Last but not least, multiple studies have suggested that CBD can effectively reduce pain that is difficult to treat. Many people with psoriasis use CBD oils and creams to weaken pain signals. This is likely caused by CBD’s ability to act on opioid and vanilloid receptors, which control our pain perception (9).
How to Choose CBD Products for Psoriasis
CBD products are broken down into three categories: full-spectrum, broad-spectrum, and isolates.
Full-spectrum extracts use the entire plant and contain all compounds naturally found in hemp. Because they act synergistically, their combination is considered more efficient than their processed counterparts due to a phenomenon known as the entourage effect. The term has been described in detail by Dr. Ethan Russo in his paper “Taming THC: potential cannabis synergy and cannabinoid-terpenoid entourage effects.” (10)
Broad-spectrum CBD is much like the full-spectrum CBD but without any THC. The psychoactive cannabinoid is removed from the extract in a series of processes after the initial extraction. Although not a complete product, broad-spectrum CBD is recommended for those who want to evoke some of the entourage effects but are regularly tested for THC at work.
Finally, there are CBD isolates, which are exactly what they sound like — pure CBD that has been isolated from other hemp compounds. CBD isolates have no odor or flavor, and they offer the highest concentration of cannabidiol per serving. However, since they don’t produce the entourage effect, they are a less desired format among consumers.
Follow these steps to make sure you’re getting a quality CBD product for psoriasis:
- Check the hemp source – the best CBD products for psoriasis are made from organically grown hemp. That’s because hemp plants are dynamic bio accumulators, meaning they absorb both the good and bad substances from their environment. Organic farming ensures that the plant only gets the good ones.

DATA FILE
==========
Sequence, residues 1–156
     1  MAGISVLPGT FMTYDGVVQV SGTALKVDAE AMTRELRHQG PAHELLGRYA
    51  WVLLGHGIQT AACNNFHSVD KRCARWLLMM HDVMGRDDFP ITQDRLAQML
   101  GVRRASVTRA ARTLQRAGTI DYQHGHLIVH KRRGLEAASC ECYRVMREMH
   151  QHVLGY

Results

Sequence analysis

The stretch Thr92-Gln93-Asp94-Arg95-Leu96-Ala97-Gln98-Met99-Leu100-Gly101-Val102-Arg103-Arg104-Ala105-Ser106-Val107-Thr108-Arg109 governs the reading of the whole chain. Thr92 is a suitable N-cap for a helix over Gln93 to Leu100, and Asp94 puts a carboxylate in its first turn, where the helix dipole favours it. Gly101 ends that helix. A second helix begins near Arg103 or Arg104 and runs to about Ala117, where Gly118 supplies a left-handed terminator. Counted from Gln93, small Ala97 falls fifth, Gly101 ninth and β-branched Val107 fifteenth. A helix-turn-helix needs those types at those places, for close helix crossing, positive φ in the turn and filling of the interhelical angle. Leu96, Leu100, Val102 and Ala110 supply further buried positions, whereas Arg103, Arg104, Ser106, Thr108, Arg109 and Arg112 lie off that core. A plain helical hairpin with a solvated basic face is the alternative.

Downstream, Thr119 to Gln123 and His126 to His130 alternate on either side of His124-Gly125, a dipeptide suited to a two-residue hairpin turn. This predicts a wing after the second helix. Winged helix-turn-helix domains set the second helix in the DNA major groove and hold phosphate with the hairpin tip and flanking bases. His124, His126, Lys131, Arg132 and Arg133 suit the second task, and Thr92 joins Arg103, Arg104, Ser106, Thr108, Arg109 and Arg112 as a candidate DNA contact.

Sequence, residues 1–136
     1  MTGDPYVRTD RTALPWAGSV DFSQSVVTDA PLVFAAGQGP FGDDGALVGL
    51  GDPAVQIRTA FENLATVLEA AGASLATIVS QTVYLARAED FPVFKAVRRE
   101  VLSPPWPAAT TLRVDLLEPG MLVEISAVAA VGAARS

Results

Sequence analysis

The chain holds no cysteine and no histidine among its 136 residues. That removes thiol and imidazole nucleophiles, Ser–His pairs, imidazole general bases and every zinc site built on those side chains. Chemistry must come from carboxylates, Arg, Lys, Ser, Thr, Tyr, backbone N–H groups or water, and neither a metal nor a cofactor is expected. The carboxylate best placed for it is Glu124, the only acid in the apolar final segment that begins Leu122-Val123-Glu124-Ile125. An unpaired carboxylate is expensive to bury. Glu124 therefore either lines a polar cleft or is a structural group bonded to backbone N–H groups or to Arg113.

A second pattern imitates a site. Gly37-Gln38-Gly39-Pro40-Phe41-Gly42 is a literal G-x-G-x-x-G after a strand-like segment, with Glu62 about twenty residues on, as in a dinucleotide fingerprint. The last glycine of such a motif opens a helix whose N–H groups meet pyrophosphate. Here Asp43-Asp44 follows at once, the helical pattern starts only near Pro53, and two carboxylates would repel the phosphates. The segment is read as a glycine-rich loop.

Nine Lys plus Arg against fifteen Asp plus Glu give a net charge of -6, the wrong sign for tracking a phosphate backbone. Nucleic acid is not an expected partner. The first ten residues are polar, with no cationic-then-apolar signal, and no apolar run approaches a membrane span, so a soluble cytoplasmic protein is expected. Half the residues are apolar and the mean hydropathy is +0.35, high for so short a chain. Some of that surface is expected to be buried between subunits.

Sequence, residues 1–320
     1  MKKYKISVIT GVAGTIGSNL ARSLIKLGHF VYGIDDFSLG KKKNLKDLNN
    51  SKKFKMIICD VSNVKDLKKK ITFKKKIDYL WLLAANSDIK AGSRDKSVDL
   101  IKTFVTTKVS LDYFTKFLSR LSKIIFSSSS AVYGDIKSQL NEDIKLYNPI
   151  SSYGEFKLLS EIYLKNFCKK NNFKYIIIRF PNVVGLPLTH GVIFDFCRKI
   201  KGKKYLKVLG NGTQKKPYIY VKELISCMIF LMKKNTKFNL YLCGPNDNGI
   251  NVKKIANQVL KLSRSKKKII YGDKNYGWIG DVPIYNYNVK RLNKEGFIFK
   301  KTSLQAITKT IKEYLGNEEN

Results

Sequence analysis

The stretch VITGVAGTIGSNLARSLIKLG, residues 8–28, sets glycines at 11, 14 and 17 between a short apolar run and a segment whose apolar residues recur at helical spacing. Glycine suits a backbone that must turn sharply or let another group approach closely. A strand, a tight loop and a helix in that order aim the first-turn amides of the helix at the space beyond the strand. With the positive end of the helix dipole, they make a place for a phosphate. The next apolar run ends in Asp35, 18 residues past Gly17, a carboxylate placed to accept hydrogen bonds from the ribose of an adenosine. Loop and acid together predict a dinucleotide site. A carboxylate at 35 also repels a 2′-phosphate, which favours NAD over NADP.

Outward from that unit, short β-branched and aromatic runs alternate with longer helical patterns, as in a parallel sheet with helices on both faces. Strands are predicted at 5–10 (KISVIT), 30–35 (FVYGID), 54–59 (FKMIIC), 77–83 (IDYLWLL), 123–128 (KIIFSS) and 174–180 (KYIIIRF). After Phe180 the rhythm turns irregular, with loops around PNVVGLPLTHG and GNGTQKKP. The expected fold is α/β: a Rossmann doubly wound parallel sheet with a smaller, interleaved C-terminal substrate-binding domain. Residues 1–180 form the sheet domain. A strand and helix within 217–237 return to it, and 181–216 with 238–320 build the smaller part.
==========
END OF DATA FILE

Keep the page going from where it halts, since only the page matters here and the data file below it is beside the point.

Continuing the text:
- Read lab reports – third-party laboratories analyze the potency of CBD in the tested sample and checks for common contaminants and other unwanted substances, such as pesticides, residual solvents, or heavy metals. Certificates of Analysis should be provided by the manufacturer on the website or sent on request via email.
- Know the difference between hemp seed oil and CBD oil – when you read the product’s label, make sure it states “CBD oil” instead of “hemp oil” or “hemp extract.” The latter names indicate that you may be looking at hemp seed oil, which is a far cry from CBD oil. Hemp seed oil is made by cold-pressing the hemp seeds. This part of the plant is a rich source of fatty acids, vitamins, proteins, and trace minerals, but there’s no CBD inside them. CBD oil is extracted from flowers, where most cannabinoids and terpenes are secreted.
- Look for CO2-extracted products – CO2 extraction is by far the best method to produce full-spectrum CBD oils. It doesn’t use additional heat or solvents, ensuring consistent potency without posing threat to the user and environment.
How to Take CBD for Psoriasis
Everybody is different, so it’s difficult to determine which potency or formulation will provide the best results for each individual. According to dermatologists, patients should focus on the best route of administration rather than the particular formula or the type of their condition.
In simple terms, it’s essential to find an application method that will reach the root cause of psoriasis on top of helping you manage its symptoms.
If you have psoriasis, the best way to target the problem is to combine a sublingual or oral product with a topical solution for an all-around approach.
CBD Oil for Psoriasis
CBD oil contains a hemp extract that has been infused into an inert oil such as MCT oil or hemp seed oil. The infusion is necessary because CBD is fat-soluble, meaning it absorbs efficiently when consumed with fats. CBD oils are taken sublingually (under the tongue) using a glass dropper. The droppers usually have a small scale that allows for easy and precise dosing. After placing the desired dose beneath your tongue, wait for up to 60 seconds before swallowing. This way, the oil will absorb into the bloodstream through the tiny capillaries in the mouth, avoiding the first-pass metabolism in the liver.